Then, out of the blue, she was approached by local farmer Barb Hallam to see if she was interested in being the new editor of the local newspaper.
Like many small newspapers, the Hopetoun Courier is owned by the community and Barb is a long-standing board member.
Although she was still studying for her nursing degree, Kathy accepted the role and after just one week of on-the-job training, she was left alone to produce a weekly newspaper.
What she hadn’t realised was that she also had to look after the accounts.
Her new role presented a whole new set of obstacles, but being the archetypical country girl, she showed resilience and ingenuity.
Kathy remembers moments in class at Horsham when she would be writing a story for the paper under the desk so the instructor couldn’t see.
Kathy networked with other newspapers to pick up tips on writing, photography, graphics and layout.
And she almost always took the camera with her when she was called out in her ambulance role.
“I would throw the camera in the back just in case,” she said.
I love my job. I have a supportive manager and a wonderful team I can talk to when the day has been difficult. If I can make a difference today I don’t care about tomorrow
“It might have been a little naughty but I never took pictures at accidents or where it was personal,” she said.
“But if it was a more public incident we were attending such as a bushfire, I would take a few photos when I had an opportunity.”
Kathy graduated as an enrolled nurse at the end of 2007 and started working casually for Rural Northwest Health at its Hopetoun campus.
She worked her hours later in the week after the paper was put to bed.
By 2012, the draw to nursing grew stronger as Kathy studied further and gained more qualifications, so it was time to remove her newspaper hat.
In 2014, Kathy was approached by Rural Northwest Health management to pioneer an important new role as the region’s cancer-resource nurse, and suddenly her career had taken on a whole new meaning.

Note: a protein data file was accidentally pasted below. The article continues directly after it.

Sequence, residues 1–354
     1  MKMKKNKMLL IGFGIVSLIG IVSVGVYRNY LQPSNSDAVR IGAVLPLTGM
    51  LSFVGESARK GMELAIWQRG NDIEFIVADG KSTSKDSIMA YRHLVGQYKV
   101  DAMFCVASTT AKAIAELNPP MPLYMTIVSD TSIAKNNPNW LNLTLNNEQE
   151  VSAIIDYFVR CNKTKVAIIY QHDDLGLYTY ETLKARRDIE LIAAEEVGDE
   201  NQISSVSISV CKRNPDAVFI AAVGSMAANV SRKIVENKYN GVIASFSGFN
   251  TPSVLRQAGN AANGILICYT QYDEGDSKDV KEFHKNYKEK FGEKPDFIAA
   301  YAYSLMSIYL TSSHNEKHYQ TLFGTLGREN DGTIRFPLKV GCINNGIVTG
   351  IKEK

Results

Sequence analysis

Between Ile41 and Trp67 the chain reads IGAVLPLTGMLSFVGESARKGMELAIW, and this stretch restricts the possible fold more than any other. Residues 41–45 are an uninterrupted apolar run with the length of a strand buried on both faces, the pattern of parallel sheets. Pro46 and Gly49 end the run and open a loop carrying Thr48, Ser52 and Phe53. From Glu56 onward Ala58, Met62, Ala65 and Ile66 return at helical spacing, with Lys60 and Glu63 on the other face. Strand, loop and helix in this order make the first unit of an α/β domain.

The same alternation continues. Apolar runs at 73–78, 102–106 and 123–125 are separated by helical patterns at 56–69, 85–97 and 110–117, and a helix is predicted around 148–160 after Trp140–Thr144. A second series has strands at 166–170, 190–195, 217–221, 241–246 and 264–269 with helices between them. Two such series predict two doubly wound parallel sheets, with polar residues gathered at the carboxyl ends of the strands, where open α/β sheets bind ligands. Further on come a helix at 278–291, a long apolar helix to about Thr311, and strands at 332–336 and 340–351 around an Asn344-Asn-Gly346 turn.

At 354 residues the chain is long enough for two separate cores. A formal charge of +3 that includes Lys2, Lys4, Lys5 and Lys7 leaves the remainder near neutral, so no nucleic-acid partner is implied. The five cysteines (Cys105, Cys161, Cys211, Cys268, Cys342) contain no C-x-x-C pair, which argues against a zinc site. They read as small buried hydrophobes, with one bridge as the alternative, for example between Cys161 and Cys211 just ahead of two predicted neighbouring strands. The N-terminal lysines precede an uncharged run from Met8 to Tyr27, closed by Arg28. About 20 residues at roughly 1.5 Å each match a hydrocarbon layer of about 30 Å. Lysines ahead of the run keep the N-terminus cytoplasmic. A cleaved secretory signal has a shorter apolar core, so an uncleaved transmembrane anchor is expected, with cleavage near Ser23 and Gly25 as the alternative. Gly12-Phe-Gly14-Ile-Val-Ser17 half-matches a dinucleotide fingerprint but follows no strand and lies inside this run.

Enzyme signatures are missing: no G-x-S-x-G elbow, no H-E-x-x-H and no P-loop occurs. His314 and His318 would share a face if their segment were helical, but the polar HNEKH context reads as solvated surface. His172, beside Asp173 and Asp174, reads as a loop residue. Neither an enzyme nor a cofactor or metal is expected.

Kathy supports community members living with cancer to make sure they are getting the right information and treatment and utilising the appropriate services available.
Speak to any of her clients and they will tell you how fantastic she is at her role.
Kathy believes she is now doing the job for which she was destined.
“As busy as I am now, I feel that my whole life has come to this point,” she said.
“I had to learn so much more and it has given me a great understanding and appreciation for how the health system works and how every minute impacts on residents, clients, the community and the service.”
Kathy also continues her role with Ambulance Victoria.
She shuffles that role around six days a fortnight as a cancer-resource nurse, one day as a palliative link nurse and one day as a nurse in aged care at the Hopetoun campus.
Kathy believes Hopetoun has such a strong community because there are many people who dedicate themselves to community as much as she does.
“People who influence my life are not famous. They are locals who say ‘I can do that’ or are just willing to give it a go,” she said.
Kathy said she wasn’t trying to make ‘a difference’ or make things better.
She just wanted to build on the foundations of others.
“I love my job. I have a supportive manager and a wonderful team I can talk to when the day has been difficult,” she said.
“If I make a difference today I don’t care about tomorrow.”